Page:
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What are the Risks of the Atkins Diet?

by Jan DeVille
  • Overview

    The Atkins Diet is one of many low-carb diet options available. When you limit the amount of carbs you consume, your body must adapt and begin burning fat and protein. As a result, most people lose weight quickly and see very positive results. However, as with any diet, there are risks. Scientists have not yet been able to explore the long-term impact of the Atkins diet, so they don't know if these risks will bear out into continued health problems, but the risks are certainly important to be aware of before beginning the plan.
  • Energy Levels

    Because of the lack of carbohydrates, people on the Atkins diet are more prone to low energy levels. A study in the "Journal of Perception and Motor Skills" noted that people on the Atkins diet who engage in strenuous physical activity become fatigued much sooner than do people on a regular low-calorie diet.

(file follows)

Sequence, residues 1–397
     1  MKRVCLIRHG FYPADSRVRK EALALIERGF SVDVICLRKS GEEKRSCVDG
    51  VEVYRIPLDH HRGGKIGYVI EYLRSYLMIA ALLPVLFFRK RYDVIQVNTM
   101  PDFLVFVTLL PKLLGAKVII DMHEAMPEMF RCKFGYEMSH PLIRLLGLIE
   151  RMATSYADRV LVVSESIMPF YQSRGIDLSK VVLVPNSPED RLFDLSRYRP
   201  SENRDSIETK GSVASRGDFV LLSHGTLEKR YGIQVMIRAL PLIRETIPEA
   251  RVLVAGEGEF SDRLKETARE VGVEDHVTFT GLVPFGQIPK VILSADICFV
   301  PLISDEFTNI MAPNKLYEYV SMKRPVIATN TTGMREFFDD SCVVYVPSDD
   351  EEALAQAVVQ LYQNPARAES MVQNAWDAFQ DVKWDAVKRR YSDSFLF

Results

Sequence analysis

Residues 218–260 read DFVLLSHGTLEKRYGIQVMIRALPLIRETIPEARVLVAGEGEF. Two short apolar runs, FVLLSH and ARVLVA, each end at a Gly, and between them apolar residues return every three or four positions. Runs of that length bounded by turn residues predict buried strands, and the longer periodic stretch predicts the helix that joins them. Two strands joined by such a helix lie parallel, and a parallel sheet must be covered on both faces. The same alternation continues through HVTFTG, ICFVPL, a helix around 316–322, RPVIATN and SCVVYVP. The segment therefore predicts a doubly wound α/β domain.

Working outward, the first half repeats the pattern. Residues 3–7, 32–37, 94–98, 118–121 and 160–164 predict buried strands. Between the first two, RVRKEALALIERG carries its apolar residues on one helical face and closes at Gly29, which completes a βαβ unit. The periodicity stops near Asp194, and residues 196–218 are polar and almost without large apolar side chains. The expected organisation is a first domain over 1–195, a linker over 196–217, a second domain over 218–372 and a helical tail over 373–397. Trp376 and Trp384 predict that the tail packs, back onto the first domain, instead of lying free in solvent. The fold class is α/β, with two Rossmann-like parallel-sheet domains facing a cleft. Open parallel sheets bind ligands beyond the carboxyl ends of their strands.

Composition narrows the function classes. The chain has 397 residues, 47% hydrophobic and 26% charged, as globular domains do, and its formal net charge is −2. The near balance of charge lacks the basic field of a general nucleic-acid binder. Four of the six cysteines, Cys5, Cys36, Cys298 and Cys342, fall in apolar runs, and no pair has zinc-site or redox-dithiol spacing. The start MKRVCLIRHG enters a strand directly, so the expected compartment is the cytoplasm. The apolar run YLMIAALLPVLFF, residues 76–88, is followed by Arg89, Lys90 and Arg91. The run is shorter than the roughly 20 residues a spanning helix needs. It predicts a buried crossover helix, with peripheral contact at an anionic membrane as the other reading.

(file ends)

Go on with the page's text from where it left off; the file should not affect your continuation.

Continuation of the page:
• Fat Intake

    The American Heart Association recommends that the average American consume no more than 30% of their calories from fat. However, the Atkins diet places no limit on fat consumption, which might place a strain on a person's heart.
  • Digestive Issues

    The Atkins diet limits intake of grains and fruits---two important sources of fiber. As a result, digestive problems such as constipation can occur.
  • Losing Weight Too Quickly

    According to the Mayo Clinic, healthy weight loss occurs at a rate of 1 to 2 pounds a week. On the Atkins diet, however, weight is usually shed very quickly. While this can be seen as a benefit initially, losing weight too quickly can be detrimental as important nutrients are lost.
  • Regaining Weight

    The Atkins diet cuts out most of a major food group. As a result, people who are at their goal weights and begin eating carbs again might see an immediate and unexpected weight gain.

    References & Resources